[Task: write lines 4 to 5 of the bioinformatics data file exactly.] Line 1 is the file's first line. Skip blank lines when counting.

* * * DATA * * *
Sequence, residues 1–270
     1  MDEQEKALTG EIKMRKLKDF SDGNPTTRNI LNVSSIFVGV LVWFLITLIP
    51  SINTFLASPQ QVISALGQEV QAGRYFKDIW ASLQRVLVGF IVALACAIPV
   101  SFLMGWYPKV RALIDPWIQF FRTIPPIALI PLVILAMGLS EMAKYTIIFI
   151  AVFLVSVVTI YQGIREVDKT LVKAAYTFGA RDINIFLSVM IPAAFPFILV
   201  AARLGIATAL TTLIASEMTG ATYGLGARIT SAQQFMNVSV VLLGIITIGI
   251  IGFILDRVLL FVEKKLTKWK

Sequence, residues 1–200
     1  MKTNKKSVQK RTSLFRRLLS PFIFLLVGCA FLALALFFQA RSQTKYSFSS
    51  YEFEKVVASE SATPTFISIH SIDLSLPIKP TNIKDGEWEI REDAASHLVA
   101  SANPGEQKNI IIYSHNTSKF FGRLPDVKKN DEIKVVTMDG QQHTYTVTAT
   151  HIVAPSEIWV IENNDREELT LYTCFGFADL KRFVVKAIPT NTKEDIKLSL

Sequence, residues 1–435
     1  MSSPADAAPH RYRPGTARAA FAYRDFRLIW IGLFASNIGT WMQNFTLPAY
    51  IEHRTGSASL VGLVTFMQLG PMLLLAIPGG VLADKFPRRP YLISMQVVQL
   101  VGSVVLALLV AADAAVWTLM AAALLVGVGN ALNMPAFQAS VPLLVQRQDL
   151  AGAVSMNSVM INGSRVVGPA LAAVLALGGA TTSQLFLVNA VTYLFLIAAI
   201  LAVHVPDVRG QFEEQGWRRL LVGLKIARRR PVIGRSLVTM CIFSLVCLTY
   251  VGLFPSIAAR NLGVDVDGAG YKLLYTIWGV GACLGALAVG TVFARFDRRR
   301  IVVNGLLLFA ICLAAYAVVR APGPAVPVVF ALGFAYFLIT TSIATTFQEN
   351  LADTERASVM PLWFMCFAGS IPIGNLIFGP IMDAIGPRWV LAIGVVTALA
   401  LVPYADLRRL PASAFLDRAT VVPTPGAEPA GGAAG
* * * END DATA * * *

   101  SFLMGWYPKV RALIDPWIQF FRTIPPIALI PLVILAMGLS EMAKYTIIFI
   151  AVFLVSVVTI YQGIREVDKT LVKAAYTFGA RDINIFLSVM IPAAFPFILV